Building a terrace in the back

When building our garden, the most anticipated project was to build a sizeable terrace in the back, effectively extending our living room into the garden.

I modelled the terrace using Google SketchUp which allowed me to visualise the result and to plan and buy the needed of material. It also served me as a blueprint during the work.

Model of the terrace

I also modelled a view of the entire terrace area, using Google SketchUp, which later served me to decide the size and position of the sun-sail shade. For the terrace, this mainly aided me in visualising the final result.

Model of the terrace area

I dug up all the earth and moved it aside to use later for levelling the new lawn and landscaping the area of the path. There was a lot of earth, 20-50 cm deep over an area of about 25 sqm, which I happily moved with shovel and wheelbarrow. I also removed a number of square concrete slabs of the original paved “terrace”. Under the layer of earth I found gravel that I dug up to the depth of the foundation for the framework on which the decking would rest. As in the fence-post holes, I found plenty of lovely granite rocks of various size that I put aside for later use in the garden. Once deep enough, I placed for each of the supporting lower layer framework beams a foundation of four concrete slabs, each on a sand bedding (recaptured from the originally paved area). Those slabs I carefully levelled out so that the framework would be exactly even. Then I screwed the supporting beams onto the slabs. Once the bottom layer of the framework was in place I covered the slabs and the bottom half of the beams with gravel ensuring a sound foundation. Reusing the concrete slabs this way saved me the trouble of messing around with concrete for the foundation. The beams are of best quality impregnated timber that will last for decades even when touching moisture-transporting earth and gravel. Then I moved and levelled the gravel in the area of the decking such that it was sloping 10% away from the house, ensuring that water would drain away from the house and would not damage the foundations in the long run. Then I added the top layer of the framework, which were beams with 30 cm gaps, as I did not want the rather thin decking boards (19 mm) to swing. This was also the time when I dug out the hole were I would plant the tree on the terrace, digging 80 cm deep from the level to which I would fill up with earth and 70 cm diameter. This hole I filled with earth. I added additional cross-beams to the top-layer of the framework around the hole, creating a hexagonal frame to support the decking edges around. I also added a cross-beam along the house wall and cross-beams along the rock wall towards the forest, as close to the rock as I could manage. I added water-permeable covering sheet over the gravel to prevent weeds to grow out of the gravel through the gaps of the terrace and stapled them to the framework. Then I started to measure, cut and screw tight the decking, starting from the side of the house. To create the hole for the tree I selected suitable bits of board to fit the area around the whole and placed them on an even plane (previously completed decking), laying them relative to each other just as they would be fitted. I took an excess piece of wood, fixed a screw and placed this with the screw exactly in the middle of the to-be hole. then I took a string, made a hoop at one end and slung it over the screw. I knotted a pencil to the string at exactly 30 cm from the screw and keeping the string tight drew an exact circle with 60 cm diameter on the decking boards. With my electric jigsaw it was easy to get the exact round cuts and I could fix the tailor-made pieced leaving a perfect hole. As my gap between framework beams was 30 cm and the beams themselves 45 mm thick, the decking was standing out about 2 cm from the supporting framework, being well supported but covering it from sight. The decking along the rock I measured and cut with the jigsaw leaving just a 1 cm gap between rock and decking. Around the post supporting the balcony and the rainwater drainage sewer and pipe I build neat square housing hiding a concrete foundation in case of the post and creating a cover that can be removed to clean the sewer from leaves in autumn hiding all but the pipe. I treated the decking with uncoloured linseed oil (this is actually yellow and has a darkening, browning effect on wood, but there are also linseed oils on offer that have extra added colour). The so-treated thermo-ash decking turned into lovely chocolate-coloured darkish brown with a tiger-like pattern of the wood.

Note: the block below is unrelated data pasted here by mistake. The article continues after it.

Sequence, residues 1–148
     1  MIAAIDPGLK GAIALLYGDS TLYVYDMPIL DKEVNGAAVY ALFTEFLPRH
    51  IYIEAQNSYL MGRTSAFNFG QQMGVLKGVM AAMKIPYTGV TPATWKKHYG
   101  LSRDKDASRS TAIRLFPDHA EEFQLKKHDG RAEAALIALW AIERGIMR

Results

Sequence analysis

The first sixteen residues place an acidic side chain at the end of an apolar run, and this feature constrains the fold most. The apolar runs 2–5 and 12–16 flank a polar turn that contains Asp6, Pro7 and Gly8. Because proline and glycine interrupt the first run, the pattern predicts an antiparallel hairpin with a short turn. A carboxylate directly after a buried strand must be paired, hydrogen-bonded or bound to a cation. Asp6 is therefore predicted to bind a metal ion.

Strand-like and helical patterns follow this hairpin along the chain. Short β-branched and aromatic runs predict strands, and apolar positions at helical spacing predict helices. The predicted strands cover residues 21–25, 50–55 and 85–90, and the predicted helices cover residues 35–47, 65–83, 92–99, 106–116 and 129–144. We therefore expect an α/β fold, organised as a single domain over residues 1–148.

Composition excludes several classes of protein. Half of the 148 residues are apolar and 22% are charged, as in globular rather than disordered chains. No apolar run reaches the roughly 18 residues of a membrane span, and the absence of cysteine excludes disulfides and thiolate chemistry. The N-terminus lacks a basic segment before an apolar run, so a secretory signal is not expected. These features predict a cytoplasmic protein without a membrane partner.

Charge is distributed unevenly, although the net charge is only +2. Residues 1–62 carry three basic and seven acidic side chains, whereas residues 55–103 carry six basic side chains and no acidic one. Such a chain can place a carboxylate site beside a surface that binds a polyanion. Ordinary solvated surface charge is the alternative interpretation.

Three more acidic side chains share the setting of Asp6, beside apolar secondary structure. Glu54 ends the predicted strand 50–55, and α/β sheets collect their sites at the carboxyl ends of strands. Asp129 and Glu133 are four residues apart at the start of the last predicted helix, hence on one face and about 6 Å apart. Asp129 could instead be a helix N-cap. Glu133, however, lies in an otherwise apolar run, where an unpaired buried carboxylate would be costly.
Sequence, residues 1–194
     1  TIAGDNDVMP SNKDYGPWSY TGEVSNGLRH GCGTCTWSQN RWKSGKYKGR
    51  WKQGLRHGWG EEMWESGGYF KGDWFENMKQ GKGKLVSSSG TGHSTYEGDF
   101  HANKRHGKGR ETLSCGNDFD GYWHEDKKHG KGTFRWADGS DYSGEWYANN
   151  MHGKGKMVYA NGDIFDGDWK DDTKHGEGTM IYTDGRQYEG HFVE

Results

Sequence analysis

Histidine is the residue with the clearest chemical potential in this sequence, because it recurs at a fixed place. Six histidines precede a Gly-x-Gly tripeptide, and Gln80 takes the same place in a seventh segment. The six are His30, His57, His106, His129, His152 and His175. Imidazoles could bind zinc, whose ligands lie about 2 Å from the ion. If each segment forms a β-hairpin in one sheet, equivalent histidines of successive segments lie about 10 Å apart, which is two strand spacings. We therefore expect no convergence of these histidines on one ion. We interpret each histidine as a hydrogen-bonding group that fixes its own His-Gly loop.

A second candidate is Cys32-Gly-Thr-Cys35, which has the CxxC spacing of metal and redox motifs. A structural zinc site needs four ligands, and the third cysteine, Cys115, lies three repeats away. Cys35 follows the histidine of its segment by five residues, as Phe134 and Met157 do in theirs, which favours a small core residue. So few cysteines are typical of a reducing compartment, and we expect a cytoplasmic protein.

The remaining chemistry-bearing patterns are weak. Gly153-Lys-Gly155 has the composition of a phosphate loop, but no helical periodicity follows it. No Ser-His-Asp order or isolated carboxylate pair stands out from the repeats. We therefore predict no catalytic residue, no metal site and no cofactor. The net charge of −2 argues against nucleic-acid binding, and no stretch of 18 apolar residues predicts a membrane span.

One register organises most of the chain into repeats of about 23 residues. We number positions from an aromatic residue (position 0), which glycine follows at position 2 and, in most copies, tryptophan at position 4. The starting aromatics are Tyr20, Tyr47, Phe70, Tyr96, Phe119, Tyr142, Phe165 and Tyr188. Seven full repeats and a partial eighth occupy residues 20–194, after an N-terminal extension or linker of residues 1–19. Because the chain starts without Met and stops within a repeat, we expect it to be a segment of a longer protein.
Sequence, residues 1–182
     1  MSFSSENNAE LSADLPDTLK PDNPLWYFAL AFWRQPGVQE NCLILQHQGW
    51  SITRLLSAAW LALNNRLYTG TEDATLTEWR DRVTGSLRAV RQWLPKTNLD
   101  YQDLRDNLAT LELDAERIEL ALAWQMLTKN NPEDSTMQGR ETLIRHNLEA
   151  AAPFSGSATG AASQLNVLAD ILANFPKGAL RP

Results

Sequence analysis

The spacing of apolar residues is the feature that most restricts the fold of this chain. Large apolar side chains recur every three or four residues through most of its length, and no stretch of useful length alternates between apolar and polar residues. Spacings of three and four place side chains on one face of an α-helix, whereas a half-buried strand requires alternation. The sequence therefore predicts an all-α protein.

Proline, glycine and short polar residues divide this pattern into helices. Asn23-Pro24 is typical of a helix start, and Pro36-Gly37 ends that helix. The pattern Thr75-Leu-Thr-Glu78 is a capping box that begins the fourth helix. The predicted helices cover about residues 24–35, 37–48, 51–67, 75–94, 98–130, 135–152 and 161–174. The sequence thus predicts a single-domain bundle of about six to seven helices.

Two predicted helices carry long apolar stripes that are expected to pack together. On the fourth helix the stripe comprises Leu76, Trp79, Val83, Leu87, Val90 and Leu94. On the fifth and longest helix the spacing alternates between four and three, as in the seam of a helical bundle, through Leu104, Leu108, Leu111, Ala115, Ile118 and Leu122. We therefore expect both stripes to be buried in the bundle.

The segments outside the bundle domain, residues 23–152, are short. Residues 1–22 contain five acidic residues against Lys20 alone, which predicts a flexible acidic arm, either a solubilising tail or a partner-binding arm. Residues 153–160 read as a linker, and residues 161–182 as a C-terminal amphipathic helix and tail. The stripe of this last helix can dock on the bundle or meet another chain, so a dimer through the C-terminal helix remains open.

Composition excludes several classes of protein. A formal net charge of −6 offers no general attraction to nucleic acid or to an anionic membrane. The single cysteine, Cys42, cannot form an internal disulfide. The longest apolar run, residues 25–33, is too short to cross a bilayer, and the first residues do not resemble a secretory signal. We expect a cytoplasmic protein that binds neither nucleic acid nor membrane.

Chocolate-coloured thermo-ash decking